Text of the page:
I flush; therefore I am?
The old joke goes that Rene Descartes was at a party when someone asked him if he’d like another beer. Descartes said, “I don’t think so.” Then he disappeared.
That somewhat snobby joke assumes you know that Rene Descartes is the philospher who said, “I think; therefore I am.” Some have said that Descartes’ quote holds the essence of existentialism, which leads with complete logic to my current existential crisis: If automatic bathroom fixtures do not work for me, do I exist?
I suppose that question goes along with another famous philosophic question: If a tree falls in the forest and no one is there to hear, does it make a sound? Being a religious person, my answer to that question has always been, “Of course. God is everywhere; therefore, Someone is always there to hear.”
But if a bathroom fixture does not work, and somebody (me) is actually standing (or sitting) there in front of it (or on it), will God intervene and turn it on? Apparently not; at least not in my case. To put a better face on it, perhaps the Holy Spirit is simply too ethereal to trip the fixtures.
Which leads me to another conculsion: Perhaps I’m also too ethereal to trip them. The word “ethereal” brings up visions of goodness and light, but it is not a compliment when you’ve been diagnosed with a terminal disease because one definition of “ethereal” is “of heaven,” or, simply put, “dead.” It makes you wonder if you’re beginning to cross to the other side and the electric eye is giving you your first hint.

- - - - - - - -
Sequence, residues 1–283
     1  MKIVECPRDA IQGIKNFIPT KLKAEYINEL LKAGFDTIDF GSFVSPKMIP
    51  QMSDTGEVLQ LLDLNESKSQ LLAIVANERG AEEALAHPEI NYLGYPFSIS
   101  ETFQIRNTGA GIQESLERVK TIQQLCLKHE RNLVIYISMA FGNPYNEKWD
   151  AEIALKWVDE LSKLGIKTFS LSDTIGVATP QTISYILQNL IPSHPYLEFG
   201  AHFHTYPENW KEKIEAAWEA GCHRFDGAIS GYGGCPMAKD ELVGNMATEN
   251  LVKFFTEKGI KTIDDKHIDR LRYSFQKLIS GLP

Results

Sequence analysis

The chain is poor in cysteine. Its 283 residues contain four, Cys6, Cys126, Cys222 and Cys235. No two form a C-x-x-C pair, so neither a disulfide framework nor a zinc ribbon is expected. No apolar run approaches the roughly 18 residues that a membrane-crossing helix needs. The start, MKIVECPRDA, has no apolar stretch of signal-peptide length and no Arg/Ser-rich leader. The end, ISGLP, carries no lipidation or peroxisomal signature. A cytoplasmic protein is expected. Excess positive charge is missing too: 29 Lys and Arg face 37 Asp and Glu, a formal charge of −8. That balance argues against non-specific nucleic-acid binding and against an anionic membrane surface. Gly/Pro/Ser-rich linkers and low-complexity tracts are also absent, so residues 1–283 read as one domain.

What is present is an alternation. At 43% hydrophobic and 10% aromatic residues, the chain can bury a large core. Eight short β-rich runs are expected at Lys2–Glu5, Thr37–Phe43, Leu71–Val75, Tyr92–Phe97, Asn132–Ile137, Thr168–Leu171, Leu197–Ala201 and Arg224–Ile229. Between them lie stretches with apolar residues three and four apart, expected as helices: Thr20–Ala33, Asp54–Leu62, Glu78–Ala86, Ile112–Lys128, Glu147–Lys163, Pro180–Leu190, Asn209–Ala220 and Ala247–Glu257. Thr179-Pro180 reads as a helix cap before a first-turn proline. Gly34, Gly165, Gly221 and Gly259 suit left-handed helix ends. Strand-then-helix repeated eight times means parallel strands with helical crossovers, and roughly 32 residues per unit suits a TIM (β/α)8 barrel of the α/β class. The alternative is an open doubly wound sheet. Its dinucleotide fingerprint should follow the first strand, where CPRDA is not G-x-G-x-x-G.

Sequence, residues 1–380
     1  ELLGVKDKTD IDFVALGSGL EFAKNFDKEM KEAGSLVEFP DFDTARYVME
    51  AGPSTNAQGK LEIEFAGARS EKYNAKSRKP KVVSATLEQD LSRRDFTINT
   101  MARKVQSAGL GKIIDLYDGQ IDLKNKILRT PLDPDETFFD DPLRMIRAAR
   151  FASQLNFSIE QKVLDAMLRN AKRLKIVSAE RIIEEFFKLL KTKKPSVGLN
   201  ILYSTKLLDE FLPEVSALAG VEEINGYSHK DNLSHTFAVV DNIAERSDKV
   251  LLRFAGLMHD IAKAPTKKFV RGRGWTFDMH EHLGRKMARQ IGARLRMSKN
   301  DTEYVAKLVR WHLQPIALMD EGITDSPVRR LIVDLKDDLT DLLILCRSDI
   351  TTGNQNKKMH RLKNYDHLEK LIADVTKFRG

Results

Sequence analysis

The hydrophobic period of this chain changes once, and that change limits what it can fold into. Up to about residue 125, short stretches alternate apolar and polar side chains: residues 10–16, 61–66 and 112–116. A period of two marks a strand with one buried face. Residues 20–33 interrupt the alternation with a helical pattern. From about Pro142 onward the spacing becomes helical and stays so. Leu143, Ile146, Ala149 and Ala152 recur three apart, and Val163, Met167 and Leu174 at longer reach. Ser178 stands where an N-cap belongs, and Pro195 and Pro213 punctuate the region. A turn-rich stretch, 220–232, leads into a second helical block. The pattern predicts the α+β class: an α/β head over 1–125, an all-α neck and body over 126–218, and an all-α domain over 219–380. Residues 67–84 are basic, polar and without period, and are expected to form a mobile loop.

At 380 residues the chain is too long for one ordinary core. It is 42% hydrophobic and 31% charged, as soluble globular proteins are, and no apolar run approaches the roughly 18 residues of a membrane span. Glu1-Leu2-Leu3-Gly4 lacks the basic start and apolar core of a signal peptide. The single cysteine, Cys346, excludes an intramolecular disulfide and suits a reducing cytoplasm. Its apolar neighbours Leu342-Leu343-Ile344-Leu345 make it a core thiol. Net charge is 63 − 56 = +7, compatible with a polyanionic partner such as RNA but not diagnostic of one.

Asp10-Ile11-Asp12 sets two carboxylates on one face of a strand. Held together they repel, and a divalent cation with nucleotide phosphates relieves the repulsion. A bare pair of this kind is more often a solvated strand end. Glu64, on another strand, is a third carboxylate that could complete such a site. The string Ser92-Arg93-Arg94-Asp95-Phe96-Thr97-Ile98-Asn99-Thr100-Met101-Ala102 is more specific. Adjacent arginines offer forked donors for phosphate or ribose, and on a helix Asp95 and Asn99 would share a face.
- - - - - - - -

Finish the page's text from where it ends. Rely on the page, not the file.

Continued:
A couple of days ago I was at my son’s school for curriculum night. Curriculum night was more than 30 minutes long, so the event for me included a trip to the women’s room, which is fully automatic. As usual, I had to push the button to force the automatic flush to do its thing — particularly disturbing since the trigger for the automatic flush is supposed to be the movement of the most substantial (meaning “least ethereal”) part of me. But there are no witnesses in the stalls and the automatic toilets at least have that button to make them work, so that wasn’t the worst part.
The worst part was trying to get the water to work in the sink, which involved waving my hands about in a futile attempt to trigger the automatic faucet so I could wash the non-ethereal foam soap off my apparently ethereal little hands. No luck. A woman next to me said, “Sometimes there’s a delay.” So I waved and waited. Still no luck. When she left her sink I rinsed with the water her non-ethereal hands had left running.
If nobody is around to leave the water running for me, I have attempted something of a rain dance to trigger automatic faucets. This involves much waving of hands and leaping about. This method is often unsuccessful and that insult is made worse by the danger of being discovered by a sudden walk-in or by a stray hideway in a stall.
As for the paper towel dispensers that refuse to spew their contents, I just wipe my hands on my clothes, practical woman that I am. In fact, this is what I think the greatest of all modern philsophers — Popeye — would do in the same circumstances, practical man that he is. Either that, or he’d just punch the darned bathroom fixtures and get on with his life. So, I think I’ll just leave Rene Descartes to think his way into existence, go along with Popeye who famously said, “I yam what I yam,” and get on with my life. After all, who is more ethereal than a cartoon character?